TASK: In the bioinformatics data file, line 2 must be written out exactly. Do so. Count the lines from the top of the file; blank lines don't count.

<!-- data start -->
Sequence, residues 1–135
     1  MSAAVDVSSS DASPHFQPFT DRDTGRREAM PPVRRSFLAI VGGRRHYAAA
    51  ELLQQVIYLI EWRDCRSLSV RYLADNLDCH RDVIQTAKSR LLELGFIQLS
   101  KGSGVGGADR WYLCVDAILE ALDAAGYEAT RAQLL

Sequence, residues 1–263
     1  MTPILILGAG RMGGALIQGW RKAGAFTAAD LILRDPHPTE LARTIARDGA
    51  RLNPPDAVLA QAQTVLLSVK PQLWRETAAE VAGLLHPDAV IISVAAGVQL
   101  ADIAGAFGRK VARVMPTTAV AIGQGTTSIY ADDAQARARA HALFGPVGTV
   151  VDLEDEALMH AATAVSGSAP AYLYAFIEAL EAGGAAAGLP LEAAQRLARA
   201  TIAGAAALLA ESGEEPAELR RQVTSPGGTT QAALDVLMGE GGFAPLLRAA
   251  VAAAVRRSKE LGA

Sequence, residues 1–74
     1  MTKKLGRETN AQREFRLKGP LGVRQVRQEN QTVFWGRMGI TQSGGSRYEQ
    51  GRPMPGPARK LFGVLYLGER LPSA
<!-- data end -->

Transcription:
     1  MSAAVDVSSS DASPHFQPFT DRDTGRREAM PPVRRSFLAI VGGRRHYAAA